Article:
By Collin County Criminal Defense Lawyer Jeremy Rosenthal
This is probably the no. 1 question on the minds of many who come into my office. It’s a completely normal question I’d and probably worry about you if you didn’t care.
Obviously I can’t say yes or no unless I hear whats going on first.
Even then I can’t make promises though I can tell someone they’ve got a better chance of winning the lottery or getting struck by lightning than going back to jail after an initial arrest.
By the time most people are pondering this question it is as if a grenade has exploded in their living room. They or a loved one have gone through an ordeal they never imagined they’d face — going to jail then getting released on bond.
Then you or your loved ones read about sentence ranges for the particular charge and it’s hard not to fixate on the high number at the end of the punishment range to the exclusion of everything else. It is completely normal to have high anxiety wondering about the end result of the case and not knowing anything about the criminal justice system doesn’t help.
Here’s What I Can Say
The vast majority of people I help worry far too much about something totally unrealistic. They exaggerate their chances of going to back to jail in their own mind. Totally normal.
Law enforcement trends in most populated cities and suburbs in Texas are to lower inmate population. People with little or no criminal history simply don’t jam the jails on misdemeanor or low-grade felony offenses these days. Major emphasis is being placed on identifying other ways to address issues such as mental illness, addiction and even anger issues or conflict resolution other than jail.
And by the way… I’m going to work my hardest to acquit someone or get their case dismissed before we even get to jail questions!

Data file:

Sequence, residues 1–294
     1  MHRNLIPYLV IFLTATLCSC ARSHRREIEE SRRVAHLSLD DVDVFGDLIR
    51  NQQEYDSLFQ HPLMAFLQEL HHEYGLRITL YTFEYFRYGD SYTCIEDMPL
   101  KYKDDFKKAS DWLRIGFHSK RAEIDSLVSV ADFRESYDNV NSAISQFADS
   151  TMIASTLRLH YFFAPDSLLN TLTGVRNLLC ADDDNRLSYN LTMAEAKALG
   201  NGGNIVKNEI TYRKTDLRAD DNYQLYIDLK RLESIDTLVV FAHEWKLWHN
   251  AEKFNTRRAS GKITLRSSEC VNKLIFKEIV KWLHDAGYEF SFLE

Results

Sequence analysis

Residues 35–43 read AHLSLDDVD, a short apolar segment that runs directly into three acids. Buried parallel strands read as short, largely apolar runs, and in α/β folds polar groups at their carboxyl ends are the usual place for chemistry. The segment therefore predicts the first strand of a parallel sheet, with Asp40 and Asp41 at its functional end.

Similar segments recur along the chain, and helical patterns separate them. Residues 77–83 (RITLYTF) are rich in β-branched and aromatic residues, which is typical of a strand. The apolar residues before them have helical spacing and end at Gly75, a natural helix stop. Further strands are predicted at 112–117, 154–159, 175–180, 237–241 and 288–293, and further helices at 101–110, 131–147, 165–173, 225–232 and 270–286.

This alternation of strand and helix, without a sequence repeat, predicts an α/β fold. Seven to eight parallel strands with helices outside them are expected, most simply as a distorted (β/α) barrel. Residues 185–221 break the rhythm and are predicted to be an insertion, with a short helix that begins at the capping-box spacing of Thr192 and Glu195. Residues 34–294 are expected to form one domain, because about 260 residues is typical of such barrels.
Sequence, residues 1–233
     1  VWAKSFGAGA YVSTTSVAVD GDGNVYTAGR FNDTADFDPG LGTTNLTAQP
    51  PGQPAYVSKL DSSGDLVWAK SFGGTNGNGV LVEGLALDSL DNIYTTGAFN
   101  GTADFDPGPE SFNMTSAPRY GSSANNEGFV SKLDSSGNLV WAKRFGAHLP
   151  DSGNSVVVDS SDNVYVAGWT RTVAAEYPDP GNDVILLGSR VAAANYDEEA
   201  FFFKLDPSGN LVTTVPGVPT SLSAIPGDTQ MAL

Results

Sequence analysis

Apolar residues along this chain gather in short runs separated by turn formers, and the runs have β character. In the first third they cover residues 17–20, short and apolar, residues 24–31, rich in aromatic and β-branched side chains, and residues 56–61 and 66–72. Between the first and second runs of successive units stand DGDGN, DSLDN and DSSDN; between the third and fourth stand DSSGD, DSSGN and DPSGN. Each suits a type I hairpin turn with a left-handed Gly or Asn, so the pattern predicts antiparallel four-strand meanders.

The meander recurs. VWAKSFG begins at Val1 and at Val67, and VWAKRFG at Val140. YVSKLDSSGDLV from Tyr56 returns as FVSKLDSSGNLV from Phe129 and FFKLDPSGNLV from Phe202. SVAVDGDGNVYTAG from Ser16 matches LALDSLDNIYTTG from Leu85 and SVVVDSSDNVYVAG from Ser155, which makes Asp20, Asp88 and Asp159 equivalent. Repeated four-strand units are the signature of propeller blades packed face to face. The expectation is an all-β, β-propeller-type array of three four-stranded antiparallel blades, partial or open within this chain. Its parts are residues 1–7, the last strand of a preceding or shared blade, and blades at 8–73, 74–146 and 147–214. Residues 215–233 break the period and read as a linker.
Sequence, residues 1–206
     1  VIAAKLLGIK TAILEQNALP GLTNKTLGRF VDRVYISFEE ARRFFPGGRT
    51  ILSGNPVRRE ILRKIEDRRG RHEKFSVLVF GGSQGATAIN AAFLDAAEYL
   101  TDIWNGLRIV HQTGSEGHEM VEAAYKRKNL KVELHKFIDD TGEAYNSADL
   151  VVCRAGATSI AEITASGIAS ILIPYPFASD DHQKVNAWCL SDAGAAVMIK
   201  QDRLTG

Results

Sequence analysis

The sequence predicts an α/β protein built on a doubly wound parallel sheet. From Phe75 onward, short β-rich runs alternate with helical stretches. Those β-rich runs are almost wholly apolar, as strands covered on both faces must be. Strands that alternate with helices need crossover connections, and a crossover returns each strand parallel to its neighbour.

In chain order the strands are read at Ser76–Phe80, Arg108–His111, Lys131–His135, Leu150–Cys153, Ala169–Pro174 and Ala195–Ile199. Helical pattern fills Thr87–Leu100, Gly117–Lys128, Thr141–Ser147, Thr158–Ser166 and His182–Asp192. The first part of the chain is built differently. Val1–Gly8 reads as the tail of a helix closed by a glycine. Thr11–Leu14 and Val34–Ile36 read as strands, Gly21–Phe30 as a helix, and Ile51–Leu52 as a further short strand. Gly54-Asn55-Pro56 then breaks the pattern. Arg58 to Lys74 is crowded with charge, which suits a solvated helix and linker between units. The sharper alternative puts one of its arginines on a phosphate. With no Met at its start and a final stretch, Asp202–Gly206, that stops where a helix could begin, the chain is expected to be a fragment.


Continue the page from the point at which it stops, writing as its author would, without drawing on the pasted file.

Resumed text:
The greatest chance for jail in someone’s future for someone coming into my office on most cases is violating terms and conditions of bond or probation. In other words, they may go back to jail if they use illegal substances, miss court, or drink alcohol when ordered not to do so while waiting for their case to be resolved or after they’ve been put on probation.
The good news here is the person is still in control of whether or not they face future incarceration. More good news is when people do go to jail on bond or probation violations — the time in jail is measured in days or weeks and not months or years.
I end up telling many people it is unrealistic to worry about future jail. I don’t mind repeating it 35 times if that is what it takes to take away the feeling a house has landed on you!
Normally my greatest concern is not future jail — it’s keeping your job and keeping your criminal history as clean as possible. This is a more realistic fear in many, many cases we handle.
When Jail is a Worry
There are times to worry about a jail sentence and not every place in Texas is the same. Each case is its own snowflake so trends I’ve discussed above may or may not apply to your situation.
The more severe the charge — the more likely it is we can’t safely rule future incarceration out. Even then we rarely realistically discuss worst-case scenarios.
*Jeremy Rosenthal is Board Certified in Criminal Law by the Texas Board of Legal Specialization and licensed by the Supreme Court of Texas. Nothing in this article is intended to be legal advice. For legal advice you should see an attorney directly.